I’ve been here several evenings, and each time I was greeted with friendly conversation from Justin Buiter and Gim Lee, the owners, a packed bar, and fine beer. Railtown Brewing Company may be a little out of the way for the beer slingers and sippers of the booming Grand Rapids, Michigan beer scene, but for those of you looking to remember what a small craft beer movement looks and feels like, sit yourself down at Railtown Brewing Company and enjoy your way through some solid examples of the delicious cerveza.

 

Bike Ride Blonde

5.9% ABV

20 IBU’s

Golden and trimmed with a web of lacing, the Bike Ride Blonde isn’t just a solid “gateway” beer for the new craft drinker. This brew is a pleasant entry for anyone looking to refresh themselves with a well balanced blonde that can lend itself well to plenty of food-pairing options.

The beer has the faintest hint of fruit aroma in the nose from the contribution of a top fermenting yeast, as well as a soothing malt quality that lends notes of cracker to both the nose and flavor. I might as well get picky here and note that the nose has an aroma of a cracker that got toasted a bit more thoroughly than the others.

The hops offer next to nothing in the aroma but pick back up oh-so-subtly in the flavor and create an immaculate balancing effect for the body and finish. Those fruity esters? They’ve popped back in again for one last hurrah in the finish. Remember, though, that these esters are very subtle. I wouldn’t ever describe this as being a fruit-forward beer. This brew is right on style.

 

Citra Warrior Imperial IPA

9.6% ABV

108 IBU’s

This brew is rust in color with a yellow-tinted, bone-white head. I love attention to detail, and the bartender made sure to pour my sampler in a snifter so I can assess everything that much better. This act gives me warm fuzzies every time.

The aroma smells as if someone is ripping open dozens of citra hops and smooshing them on my nose. I get a hint of grape-nut like malt, but honestly it’s just those hops that really do the talking.

Mouthfeel for IPAs usually becomes a tough topic for me because of my frustration with grisly bitterness. This DIPA is surprisingly smooth, flavorful, and gives a nice wallop of hop bitterness while never approaching abrasive. The soft and creamy character of the beer makes it feel like clouds on my tongue. The finish offers flavors of orange rind citrus, grape nuts, and a bold sort of resin note.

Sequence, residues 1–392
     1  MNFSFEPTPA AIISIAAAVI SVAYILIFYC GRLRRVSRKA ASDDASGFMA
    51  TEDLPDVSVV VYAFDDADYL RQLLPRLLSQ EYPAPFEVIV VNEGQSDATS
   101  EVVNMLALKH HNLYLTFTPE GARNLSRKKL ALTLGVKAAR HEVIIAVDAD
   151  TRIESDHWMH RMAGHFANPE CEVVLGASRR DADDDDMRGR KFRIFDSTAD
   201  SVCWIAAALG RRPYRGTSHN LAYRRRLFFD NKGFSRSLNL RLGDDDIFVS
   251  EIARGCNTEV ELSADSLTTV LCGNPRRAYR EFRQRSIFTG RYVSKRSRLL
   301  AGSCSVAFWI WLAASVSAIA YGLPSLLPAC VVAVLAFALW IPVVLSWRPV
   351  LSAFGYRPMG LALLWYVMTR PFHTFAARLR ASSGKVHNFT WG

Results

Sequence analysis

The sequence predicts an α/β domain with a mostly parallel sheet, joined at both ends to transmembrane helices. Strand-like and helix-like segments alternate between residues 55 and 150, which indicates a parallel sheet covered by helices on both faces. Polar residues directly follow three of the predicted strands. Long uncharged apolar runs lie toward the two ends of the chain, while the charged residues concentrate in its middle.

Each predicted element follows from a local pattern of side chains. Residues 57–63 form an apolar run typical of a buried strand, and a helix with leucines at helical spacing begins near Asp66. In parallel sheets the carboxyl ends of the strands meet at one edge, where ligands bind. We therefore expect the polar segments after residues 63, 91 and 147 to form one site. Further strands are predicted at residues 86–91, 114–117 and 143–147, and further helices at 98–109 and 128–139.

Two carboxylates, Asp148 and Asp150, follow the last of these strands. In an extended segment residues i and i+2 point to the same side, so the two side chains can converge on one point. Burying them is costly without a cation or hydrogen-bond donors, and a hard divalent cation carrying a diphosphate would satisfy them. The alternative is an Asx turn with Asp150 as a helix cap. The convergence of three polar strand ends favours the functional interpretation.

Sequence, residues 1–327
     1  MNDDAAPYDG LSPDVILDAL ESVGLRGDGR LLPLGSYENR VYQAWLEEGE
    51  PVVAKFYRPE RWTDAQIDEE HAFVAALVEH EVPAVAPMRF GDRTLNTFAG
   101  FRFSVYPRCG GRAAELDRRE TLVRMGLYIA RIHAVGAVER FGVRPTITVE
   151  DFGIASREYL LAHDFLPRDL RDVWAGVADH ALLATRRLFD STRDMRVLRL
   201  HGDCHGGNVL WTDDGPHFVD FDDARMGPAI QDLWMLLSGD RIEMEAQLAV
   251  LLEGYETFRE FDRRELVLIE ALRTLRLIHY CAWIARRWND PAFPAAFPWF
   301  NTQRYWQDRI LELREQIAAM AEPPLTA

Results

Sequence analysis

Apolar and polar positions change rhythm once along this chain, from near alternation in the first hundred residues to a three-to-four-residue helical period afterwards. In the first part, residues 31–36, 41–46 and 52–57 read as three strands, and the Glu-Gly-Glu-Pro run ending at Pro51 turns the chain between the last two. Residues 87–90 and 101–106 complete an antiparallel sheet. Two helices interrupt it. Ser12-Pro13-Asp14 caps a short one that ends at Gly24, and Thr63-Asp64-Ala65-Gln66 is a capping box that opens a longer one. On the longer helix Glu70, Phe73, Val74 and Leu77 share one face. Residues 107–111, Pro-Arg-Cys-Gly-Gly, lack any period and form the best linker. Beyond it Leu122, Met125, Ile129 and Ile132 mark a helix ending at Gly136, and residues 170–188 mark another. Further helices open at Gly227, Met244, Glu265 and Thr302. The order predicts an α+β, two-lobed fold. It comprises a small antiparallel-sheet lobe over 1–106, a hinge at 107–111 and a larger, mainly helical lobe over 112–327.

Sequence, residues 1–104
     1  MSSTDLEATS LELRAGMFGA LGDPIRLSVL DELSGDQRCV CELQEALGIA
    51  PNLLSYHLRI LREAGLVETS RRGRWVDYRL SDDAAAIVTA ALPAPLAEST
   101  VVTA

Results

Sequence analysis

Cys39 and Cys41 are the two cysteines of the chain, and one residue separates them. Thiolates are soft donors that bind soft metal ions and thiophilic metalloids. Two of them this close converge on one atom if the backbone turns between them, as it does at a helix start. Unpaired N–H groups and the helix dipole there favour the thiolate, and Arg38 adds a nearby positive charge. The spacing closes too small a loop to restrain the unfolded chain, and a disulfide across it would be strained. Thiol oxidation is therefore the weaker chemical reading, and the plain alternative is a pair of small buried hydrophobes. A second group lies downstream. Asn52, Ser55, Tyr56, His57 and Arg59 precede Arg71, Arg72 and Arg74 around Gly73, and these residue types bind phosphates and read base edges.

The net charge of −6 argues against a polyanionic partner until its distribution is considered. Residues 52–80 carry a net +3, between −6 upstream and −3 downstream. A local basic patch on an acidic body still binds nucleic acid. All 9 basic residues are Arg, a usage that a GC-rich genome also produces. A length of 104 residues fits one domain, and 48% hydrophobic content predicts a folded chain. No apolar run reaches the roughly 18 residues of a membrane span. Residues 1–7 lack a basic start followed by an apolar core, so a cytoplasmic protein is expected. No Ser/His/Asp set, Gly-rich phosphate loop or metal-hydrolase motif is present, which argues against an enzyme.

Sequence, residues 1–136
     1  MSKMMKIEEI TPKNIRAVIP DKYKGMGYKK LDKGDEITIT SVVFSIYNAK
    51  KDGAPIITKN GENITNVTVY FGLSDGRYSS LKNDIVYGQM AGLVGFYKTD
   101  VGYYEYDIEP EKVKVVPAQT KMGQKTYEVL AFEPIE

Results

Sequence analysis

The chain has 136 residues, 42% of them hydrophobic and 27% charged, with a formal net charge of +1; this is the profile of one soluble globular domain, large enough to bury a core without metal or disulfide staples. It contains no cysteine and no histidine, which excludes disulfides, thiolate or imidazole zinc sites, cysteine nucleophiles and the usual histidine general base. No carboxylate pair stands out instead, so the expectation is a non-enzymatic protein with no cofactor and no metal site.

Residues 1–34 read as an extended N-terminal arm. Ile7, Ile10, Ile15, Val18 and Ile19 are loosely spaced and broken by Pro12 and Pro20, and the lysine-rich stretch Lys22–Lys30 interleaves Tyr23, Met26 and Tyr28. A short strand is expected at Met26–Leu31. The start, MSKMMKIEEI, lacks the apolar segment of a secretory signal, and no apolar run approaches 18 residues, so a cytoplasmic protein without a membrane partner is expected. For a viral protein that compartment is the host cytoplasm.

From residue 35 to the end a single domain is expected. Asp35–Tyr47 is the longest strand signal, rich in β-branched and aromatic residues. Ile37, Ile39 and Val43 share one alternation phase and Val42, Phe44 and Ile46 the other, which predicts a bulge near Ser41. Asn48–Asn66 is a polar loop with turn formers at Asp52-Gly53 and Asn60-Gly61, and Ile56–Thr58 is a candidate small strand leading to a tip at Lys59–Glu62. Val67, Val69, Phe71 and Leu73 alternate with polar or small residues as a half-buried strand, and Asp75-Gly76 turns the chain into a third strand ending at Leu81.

This is a dynamite brew that keeps intensity and flavor intact.

 

Good Mooed Milk Stout

4.5% ABV

27 IBU’s

I’m greeted by a dark brown brew with a tan head and an initial flavor of coffee. Is this brewed with coffee? No, but that roasted malt is rearing its head and creating a big stroke of roastiness amidst the hint of sweet lactose sugar. To be honest, I expected more sweetness and creaminess from that sugar. Not that I’m disappointed, but it would be harder for me to discern this as being a milk stout if it was in a blind flight.

The flavors include bitter dark chocolate notes mixed with that hint of lactose sugar along with big bold notes of burnt bread crust and a whole lotta coffee. Tastes like my dark roast coffee that edges towards a baker’s chocolate-like quality.

Finishing this brew I find notes of roasty bitterness in the finish, as expected, and an increasing need for food. This beer is just begging for a meal to pair it with. There are pizza joints nearby as sources of nourishment, and I’d reckon that a pie loaded with meats like sausage would be just prime with this brew.

 

WarleyBine

10% ABV

62.2 IBU’s

Cloudy and a muddy burnt-amber color, this big and bold beer offers generous aromas of fig, caramel, overripe strawberry, prune, a touch of earthiness, and a reminder of Sugar Daddy candy.

The mouthfeel consists of a creamy beer and morphs itself into one of balancing acidity. It works its way into a dry finish that leaves a hint of alcohol warmth and a background kind of bitterness that grows subtly over time before the next sip.

I love barleywines. They are some of my absolute favorite styles and the fact that Railtown went the “traditional” malt-forward route with their beer is so wonderful. The brew is well balanced but still lets you know that it packs a punch. It’s bold without being cloying and I am certainly interested in drinking this handy guy alone or with food. Actually, I sure as hell hope they continue making it into the winter because I imagine myself sipping this as I get flush in the face during some holiday parties.

Railtown has hit a sweet spot for me, and I’m glad I get to share my experience there with all of you. Besides, now I can acquire more drinking companions for the next time I visit.